The leader of the French religious right, Frigide Barjot, said today that 18 year old pro-gay college student Clément Méric would not have been killed in a vicious attack by right wing skinheads had France not recently legalized gay marriage.
Comedienne Frigide Barjot (who works under a pseudonym that’s apparently a sexual pun on the name of the French actress, Brigitte Bardot), is the leader of France’s anti-gay right, that includes the Catholic church and the lead conservative party in France, the UMP (for lack of a better comparison, France’s Republican party).
Unlike America, France is not a very religious country. But like America, France’s right-wing parties have latched on to legislative gay-bashing as a means of unifying the right at the ballot box. Sadly, in response to the right’s hysteria-building over gay marriage, anti-gay violence – and overall terror threats against the government – have increased of late.
Things have gotten so bad in the French right that Barjot herself refused to attend the latest official anti-gay protest, for fear of the extremists that are attempting to take over her movement.
Today we learned that 18 year old Clément Méric, a pro-gay college student attending the prestigious Sciences Po in Paris, succumbed to injuries recently sustained at the hands of three skinheads at a Paris train station. (Violent crimes are relatively uncommon in France, as compared to the US, though that’s been changing of late.)
Sadly, France’s anti-gay right, including the Catholic Church, have given an odd “denunciation/justification” for the increase in violence. Violence is always wrong, they say, but who wouldn’t turn violent when the government jams gay marriage down the people’s throats? (Mind you, a majority of the French people support gay marriage in the polls.)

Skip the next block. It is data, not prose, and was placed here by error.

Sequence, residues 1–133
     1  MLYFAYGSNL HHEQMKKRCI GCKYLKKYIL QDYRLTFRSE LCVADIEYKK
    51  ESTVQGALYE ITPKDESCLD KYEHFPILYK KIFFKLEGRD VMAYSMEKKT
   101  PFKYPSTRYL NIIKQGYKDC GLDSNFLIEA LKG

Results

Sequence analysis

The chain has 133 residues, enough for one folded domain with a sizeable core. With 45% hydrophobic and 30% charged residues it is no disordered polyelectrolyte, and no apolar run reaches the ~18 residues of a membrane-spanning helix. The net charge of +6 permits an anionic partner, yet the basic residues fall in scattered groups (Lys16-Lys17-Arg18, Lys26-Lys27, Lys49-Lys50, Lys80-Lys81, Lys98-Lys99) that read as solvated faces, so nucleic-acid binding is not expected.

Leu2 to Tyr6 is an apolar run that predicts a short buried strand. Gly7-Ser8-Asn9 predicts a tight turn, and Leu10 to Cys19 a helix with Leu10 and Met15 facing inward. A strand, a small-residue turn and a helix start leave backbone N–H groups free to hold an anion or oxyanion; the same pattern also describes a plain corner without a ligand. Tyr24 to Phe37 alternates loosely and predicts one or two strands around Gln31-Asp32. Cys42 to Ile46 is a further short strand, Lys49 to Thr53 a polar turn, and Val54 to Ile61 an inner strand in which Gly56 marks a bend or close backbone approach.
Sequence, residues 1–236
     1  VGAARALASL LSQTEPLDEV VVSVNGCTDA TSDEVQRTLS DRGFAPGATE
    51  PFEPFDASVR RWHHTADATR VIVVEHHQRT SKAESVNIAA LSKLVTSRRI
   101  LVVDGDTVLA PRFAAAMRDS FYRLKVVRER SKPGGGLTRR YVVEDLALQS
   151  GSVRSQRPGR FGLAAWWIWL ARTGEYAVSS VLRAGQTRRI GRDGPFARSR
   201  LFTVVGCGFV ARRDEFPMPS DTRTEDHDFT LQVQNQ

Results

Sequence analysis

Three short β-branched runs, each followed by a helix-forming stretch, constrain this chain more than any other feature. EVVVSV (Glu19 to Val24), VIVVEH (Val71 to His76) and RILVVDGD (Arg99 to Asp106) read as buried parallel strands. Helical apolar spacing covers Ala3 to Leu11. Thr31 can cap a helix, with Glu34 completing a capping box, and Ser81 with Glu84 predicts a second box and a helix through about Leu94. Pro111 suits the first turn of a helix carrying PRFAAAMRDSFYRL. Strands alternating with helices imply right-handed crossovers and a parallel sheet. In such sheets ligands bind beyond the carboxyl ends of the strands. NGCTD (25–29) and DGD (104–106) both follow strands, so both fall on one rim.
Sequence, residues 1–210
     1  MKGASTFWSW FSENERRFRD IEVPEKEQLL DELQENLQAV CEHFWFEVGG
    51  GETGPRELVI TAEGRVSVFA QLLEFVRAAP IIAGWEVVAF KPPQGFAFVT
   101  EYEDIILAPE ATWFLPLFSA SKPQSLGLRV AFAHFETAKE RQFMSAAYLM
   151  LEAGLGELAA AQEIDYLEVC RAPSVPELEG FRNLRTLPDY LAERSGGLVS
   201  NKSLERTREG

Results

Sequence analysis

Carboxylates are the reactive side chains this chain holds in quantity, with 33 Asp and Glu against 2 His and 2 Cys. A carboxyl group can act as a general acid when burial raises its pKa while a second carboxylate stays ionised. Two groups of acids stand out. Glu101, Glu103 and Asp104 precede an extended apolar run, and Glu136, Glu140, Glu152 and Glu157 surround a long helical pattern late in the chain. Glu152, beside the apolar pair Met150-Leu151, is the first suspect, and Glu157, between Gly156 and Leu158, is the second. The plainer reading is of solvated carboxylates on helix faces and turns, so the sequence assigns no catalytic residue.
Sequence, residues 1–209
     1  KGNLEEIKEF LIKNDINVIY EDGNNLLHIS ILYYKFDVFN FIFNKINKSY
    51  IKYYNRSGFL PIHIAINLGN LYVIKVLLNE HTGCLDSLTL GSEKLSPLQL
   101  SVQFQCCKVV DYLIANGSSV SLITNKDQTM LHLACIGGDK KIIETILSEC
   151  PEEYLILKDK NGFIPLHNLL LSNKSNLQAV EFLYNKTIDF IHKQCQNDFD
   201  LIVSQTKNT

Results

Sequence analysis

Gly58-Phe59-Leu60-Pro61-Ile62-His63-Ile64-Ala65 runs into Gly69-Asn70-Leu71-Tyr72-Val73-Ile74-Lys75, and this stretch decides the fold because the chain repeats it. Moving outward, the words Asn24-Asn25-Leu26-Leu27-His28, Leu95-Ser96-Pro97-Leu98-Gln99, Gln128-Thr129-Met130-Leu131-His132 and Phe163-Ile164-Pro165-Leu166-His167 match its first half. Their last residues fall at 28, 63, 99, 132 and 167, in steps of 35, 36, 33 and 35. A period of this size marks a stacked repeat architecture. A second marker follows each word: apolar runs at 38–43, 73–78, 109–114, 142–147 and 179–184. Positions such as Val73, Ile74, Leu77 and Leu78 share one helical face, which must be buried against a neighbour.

First it was France’s top Catholic official giving a creepy statement that seemed to justify the violence, and threaten more, while claiming to condemn it.
Then it was a statement from Barjot herself, which to some ears seemed to sound like a threat for more violence.
“[Président] Hollande veut du sang, il en aura ! Tout le monde est furieux. Nous vivons dans une dictature.”
“[French President] Hollande wants blood, and he’s going to get it. Everyone is furious. We live in a dictatorship.”
And now, in response to the attack on young Clément Méric, Barjot has penned a piece that again denounces the violence, but then turns around and, incredibly, blames gay marriage supporters for the right-wing’s murder of this young man. Here’s Barjot:
This extreme fight is the result of a power that for nine months has refused to listen to the French people. The President has caused extremism to grow by passing a law that the French didn’t want, and in a manner that was authoritarian and undemocratic. When we refuse to act like a democracy, extremism grows. In a way, you could say that there was a death because of this denial of democracy.
Nice lady, eh? Keep in mind that the French anti-gay right is closely tied to America’s anti-gay leaders, especially NOM, the Nation Organization for Marriage. While once crowing about their success in France, they’ve been interestingly silent now that the bodies are dropping.
Barjot continues, explaining that she of course condemns the violence, but that the only way to fight the extremists is to repeal gay marriage and replace it with a civil unions law.
Right. The only way to stop the anti-gay right from murdering gay people is to repeal gay marriage. Actually, there is another way to stop the anti-gay right from murdering people – just stop murdering people.
Like so many of the passive-aggressive haters we face here in America, Barjot does a tremendous job of “repudiating the violence,” while at the same time seemingly making excuses for it, and worse, blaming the victim.
Is this the way France, and the rest of Europe, fought against home-grown terrorism in the 1970s and 1980s, by seeking out ways to placate the terrorists?
And did African-Americans in the 1950s and 1960s bring the police hoses and german shepherds on themselves since, after all, they “jammed” their civil rights down the throats of an American public that simply wanted to be left alone by people they considered inferior and immoral?
And what’s next? Shall we blame the French Resistance for, you know, resisting the Nazis? After all, if the Resistance hadn’t created that climate during the Occupation, the Nazis would have never felt the need to kill so many French people in return.
However it’s spelled, hate really is universal.